Why There Are Fewer ADHD Cases in France Than the U.S.
A study conducted in 2011 stated that the amount of youth in France with ADHD may be as low as 3.5% — a far cry from the 11 to 15% estimate in the United States. Family therapist and author of A Disease Called Childhood: Why ADHD Became an American Epidemic Dr. Marilyn Wedge suggests that this may be as a result of the cultural differences between the U.S. and France in regards to raising children. According to Wedge, French parents will often impose more structured lifestyles onto their children, such as enforcing strict meal times and using the “cry it out” method with babies and toddlers. Children are taught self-discipline at a young age, which is why Wedge feels they don’t need to be medicated for behavioural issues.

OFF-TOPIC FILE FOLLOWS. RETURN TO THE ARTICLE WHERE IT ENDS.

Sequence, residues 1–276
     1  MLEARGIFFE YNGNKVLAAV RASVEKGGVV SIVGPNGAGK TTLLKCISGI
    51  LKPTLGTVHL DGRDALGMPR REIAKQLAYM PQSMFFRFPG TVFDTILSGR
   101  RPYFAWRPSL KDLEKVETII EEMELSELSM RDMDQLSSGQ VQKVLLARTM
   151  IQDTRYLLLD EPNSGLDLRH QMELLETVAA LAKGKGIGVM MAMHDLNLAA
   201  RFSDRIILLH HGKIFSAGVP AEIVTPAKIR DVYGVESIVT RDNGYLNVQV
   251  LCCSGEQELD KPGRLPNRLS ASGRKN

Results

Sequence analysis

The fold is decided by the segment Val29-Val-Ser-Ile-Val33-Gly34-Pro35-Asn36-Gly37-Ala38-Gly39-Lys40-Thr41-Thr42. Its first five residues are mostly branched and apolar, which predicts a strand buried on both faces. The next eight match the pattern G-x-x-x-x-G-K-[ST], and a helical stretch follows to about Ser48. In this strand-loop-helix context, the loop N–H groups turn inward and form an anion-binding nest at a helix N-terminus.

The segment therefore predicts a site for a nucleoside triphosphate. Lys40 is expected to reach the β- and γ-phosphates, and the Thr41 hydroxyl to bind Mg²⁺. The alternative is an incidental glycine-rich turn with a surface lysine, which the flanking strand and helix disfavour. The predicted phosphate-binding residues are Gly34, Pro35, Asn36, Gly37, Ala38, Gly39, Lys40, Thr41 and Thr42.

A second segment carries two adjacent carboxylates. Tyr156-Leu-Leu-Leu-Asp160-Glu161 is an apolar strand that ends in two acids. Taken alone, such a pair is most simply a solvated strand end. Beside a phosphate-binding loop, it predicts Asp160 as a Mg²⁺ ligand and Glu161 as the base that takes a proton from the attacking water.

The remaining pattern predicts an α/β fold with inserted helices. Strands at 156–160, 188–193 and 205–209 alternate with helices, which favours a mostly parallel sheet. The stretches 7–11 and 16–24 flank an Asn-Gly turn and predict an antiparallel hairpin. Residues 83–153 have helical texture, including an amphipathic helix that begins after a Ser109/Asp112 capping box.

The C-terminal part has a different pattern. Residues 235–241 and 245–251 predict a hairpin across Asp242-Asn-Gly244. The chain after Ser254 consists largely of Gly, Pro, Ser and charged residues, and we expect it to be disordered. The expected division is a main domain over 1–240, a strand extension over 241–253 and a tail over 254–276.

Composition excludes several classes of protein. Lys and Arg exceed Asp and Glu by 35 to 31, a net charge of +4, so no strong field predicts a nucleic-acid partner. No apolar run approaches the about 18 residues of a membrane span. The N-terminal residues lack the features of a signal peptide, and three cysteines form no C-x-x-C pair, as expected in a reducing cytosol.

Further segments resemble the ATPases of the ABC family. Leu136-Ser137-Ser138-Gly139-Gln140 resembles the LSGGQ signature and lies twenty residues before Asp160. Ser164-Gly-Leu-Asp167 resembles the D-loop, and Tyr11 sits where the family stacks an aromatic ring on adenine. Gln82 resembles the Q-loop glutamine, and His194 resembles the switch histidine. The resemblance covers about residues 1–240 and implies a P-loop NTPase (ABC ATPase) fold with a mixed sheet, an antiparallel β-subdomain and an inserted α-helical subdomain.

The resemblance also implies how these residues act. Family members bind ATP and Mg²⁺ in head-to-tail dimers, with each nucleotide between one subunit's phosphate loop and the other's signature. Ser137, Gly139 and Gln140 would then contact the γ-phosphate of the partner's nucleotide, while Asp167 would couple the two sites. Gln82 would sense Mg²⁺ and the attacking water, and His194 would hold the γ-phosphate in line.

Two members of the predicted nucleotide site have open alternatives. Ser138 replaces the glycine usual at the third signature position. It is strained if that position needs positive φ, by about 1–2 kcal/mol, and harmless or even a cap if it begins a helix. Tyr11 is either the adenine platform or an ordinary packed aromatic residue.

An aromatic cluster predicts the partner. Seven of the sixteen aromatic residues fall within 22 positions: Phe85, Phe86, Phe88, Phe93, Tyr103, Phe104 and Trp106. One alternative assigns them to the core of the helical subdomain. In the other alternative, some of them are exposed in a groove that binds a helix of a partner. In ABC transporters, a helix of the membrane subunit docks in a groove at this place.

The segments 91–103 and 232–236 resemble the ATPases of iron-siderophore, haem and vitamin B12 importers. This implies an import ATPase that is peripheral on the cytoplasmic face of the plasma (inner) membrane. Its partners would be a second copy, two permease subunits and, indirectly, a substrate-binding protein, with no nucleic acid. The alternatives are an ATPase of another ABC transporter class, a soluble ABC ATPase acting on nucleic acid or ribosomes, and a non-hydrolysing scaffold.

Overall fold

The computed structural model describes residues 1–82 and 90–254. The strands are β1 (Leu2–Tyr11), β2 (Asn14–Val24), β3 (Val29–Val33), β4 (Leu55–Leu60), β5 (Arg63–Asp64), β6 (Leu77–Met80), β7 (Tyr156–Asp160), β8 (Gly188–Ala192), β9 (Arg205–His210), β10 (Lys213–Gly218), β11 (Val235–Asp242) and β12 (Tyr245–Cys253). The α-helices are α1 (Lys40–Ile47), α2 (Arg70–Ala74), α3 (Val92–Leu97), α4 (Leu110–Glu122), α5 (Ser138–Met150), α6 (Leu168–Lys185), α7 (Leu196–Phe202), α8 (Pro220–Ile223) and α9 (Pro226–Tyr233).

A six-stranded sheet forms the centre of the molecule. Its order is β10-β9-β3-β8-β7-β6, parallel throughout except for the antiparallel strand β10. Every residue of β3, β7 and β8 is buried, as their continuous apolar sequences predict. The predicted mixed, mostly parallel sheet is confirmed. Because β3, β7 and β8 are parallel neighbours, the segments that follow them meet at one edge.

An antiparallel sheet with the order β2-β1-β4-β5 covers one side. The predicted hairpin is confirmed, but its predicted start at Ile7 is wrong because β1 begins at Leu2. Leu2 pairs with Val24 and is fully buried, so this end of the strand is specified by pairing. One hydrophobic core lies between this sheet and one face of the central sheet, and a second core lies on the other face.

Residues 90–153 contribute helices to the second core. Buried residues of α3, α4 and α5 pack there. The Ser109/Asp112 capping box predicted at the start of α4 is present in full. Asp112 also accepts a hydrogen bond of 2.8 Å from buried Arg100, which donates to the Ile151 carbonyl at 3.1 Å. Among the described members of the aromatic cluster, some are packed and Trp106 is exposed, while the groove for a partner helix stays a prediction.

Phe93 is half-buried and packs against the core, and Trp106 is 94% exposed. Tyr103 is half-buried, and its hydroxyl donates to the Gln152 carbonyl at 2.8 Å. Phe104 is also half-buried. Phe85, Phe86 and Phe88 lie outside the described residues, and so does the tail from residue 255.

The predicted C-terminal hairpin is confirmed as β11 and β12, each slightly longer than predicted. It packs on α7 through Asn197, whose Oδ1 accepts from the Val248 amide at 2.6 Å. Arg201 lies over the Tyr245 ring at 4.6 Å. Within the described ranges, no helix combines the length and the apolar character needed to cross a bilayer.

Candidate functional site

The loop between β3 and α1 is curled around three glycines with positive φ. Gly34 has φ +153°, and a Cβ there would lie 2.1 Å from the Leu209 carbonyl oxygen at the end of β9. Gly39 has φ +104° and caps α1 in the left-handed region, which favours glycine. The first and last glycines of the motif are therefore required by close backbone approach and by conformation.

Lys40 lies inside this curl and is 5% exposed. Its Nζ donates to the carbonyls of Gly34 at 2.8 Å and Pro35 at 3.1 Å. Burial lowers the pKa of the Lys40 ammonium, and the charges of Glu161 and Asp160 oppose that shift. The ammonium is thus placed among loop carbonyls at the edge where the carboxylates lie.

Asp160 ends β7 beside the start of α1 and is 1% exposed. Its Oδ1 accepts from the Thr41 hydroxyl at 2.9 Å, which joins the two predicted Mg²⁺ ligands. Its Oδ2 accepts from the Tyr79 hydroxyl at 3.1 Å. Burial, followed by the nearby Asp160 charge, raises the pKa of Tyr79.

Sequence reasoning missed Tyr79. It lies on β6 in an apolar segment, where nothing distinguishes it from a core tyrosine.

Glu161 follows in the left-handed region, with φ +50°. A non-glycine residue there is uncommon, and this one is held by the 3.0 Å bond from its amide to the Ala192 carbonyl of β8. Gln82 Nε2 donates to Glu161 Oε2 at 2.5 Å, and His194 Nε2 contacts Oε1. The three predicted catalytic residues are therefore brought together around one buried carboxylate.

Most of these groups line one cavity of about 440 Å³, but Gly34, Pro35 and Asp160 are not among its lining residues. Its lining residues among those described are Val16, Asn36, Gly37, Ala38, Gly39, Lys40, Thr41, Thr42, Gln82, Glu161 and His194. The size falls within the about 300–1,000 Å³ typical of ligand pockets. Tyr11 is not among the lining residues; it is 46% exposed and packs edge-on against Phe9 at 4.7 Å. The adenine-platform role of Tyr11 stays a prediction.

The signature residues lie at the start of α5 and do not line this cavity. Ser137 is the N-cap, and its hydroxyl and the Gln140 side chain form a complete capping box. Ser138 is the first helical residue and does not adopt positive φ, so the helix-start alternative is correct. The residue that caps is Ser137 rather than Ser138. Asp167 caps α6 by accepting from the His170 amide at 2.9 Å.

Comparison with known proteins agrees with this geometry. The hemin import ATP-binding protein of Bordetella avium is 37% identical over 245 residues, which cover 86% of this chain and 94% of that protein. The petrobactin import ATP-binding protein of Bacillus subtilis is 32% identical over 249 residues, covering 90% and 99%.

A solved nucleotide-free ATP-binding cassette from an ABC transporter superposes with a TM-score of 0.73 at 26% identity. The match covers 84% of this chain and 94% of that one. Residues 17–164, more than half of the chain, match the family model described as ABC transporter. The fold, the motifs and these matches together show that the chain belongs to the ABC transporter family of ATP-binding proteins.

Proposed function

Unfortunately, spanking is not considered child abuse in France, so this practice is used fairly often to encourage discipline. In March 2015, the Council of Europe, an international human rights organization, faulted France over the country’s lack of legislation regarding corporal punishment of children. As The New York Times explained, “Child abuse is illegal in France and is punished with long prison sentences, but it is not uncommon for French parents to slap or spank children, or for the French courts to view such actions as acceptable under a customary ‘right to discipline.’ “